Facebook's Creepy Case Of Emotional Contagion

Facebook manipulated the moods of hundreds of thousands of unsuspecting users. Steve Brykman wants to return the favor. Pictured: As a private company, Facebook did not have to adhere to rules on the use of human subjects. (Jeff Chiu/AP)
Facebook manipulated the moods of hundreds of thousands of unsuspecting users. Steve Brykman wants to return the favor. Pictured: As a private company, Facebook did not have to adhere to rules on the use of human subjects. (Jeff Chiu/AP)

In March, Proceedings of the National Academy of Sciences published a report about a week-long psychological experiment conducted in 2012 by Facebook and Cornell University on a random sample of 689,000 Facebook users. Engineers for the social networking website manipulated the news feeds of more than three million posts to determine whether or not the presence or absence of emotional words affected a user’s feelings and subsequent posts. Did negative posts beget more negative posts? Positive posts more positive ones? The answer is yes. The experiment also considered whether such emotional priming influenced what Facebook users chose to “like.” Translation: ca-ching.

Here’s an excerpt from the PNAS abstract:

In an experiment with people who use Facebook, we test whether emotional contagion occurs outside of in-person interaction between individuals by reducing the amount of emotional content in the News Feed. When positive expressions were reduced, people produced fewer positive posts and more negative posts; when negative expressions were reduced, the opposite pattern occurred. These results indicate that emotions expressed by others on Facebook influence our own emotions, constituting experimental evidence for massive-scale contagion via social networks.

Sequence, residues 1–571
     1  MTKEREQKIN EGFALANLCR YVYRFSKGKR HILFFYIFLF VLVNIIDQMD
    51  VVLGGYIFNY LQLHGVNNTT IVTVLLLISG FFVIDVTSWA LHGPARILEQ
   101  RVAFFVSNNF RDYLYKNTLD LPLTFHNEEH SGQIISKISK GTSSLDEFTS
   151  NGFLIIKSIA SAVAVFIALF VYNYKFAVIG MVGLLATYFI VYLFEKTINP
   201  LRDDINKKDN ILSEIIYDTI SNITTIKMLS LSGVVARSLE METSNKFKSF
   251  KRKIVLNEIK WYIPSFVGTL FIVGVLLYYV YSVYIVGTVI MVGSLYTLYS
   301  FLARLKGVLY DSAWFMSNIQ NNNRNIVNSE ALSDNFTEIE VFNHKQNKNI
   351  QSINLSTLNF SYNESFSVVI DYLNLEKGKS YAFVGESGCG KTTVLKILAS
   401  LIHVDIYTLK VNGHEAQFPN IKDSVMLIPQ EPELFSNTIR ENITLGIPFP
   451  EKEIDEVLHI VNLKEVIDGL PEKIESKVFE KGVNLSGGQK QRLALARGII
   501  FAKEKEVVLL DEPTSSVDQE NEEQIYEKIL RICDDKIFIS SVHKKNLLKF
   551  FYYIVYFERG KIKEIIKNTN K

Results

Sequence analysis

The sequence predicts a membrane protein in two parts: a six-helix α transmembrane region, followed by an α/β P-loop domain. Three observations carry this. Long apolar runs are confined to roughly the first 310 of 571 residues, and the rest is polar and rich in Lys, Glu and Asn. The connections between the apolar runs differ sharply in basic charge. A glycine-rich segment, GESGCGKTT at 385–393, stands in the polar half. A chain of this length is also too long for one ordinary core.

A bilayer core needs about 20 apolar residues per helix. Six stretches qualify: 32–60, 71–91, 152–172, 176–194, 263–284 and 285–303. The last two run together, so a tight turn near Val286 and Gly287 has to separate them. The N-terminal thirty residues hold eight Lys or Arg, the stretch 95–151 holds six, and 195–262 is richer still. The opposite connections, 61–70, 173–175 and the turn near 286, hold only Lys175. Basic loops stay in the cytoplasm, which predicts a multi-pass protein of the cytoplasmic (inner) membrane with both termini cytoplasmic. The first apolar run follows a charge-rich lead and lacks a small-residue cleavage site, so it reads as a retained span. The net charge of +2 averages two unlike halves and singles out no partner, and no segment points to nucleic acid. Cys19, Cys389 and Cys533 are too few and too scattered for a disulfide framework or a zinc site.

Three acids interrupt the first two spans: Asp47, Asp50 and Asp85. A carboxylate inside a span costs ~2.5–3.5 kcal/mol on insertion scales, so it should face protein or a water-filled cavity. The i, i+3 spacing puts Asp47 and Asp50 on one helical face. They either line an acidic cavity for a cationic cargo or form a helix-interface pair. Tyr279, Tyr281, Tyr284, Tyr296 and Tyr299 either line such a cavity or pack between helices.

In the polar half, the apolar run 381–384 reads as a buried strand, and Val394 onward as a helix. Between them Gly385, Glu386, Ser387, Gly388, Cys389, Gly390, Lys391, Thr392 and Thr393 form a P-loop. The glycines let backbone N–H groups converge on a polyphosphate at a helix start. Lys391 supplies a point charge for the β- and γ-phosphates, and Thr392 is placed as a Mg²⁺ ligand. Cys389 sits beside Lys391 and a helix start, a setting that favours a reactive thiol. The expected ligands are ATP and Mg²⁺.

Naturally, folks got upset when they learned they’d been secretly turned into virtual lab rats. Facebook asserts that the experiment was covered by their terms and conditions, which fills an entire website of its own.

The legalese is both dense and ambiguous. Here’s a sample:

We use the information we receive about you in connection with the services and features we provide to you and other users like your friends, our partners, the advertisers that purchase ads on the site, and the developers that build the games, applications, and websites you use. For example, in addition to helping people see and find things that you do and share, we may use the information we receive about you…to make suggestions to you and other users on Facebook…for internal operations, including troubleshooting, data analysis, testing, research and service improvement.

None of which makes what Facebook did any less creepy, particularly as it appears that they can continue to mess with us in perpetuity:

Granting us permission to use your information not only allows us to provide Facebook as it exists today, but it also allows us to provide you with innovative features and services we develop in the future that use the information we receive about you in new ways.

Earlier this month, Facebook’s chief operating officer, Sheryl Sandberg, apologized. Not for the experiment, mind you, just for for not telling users about it. “This was part of ongoing research companies do to test different products,” she said. “…it was poorly communicated…And for that communication we apologize. We never meant to upset you.”

Except that’s exactly what they meant to do. Upset some of us, elate others, and track (and monetize, no doubt) the results.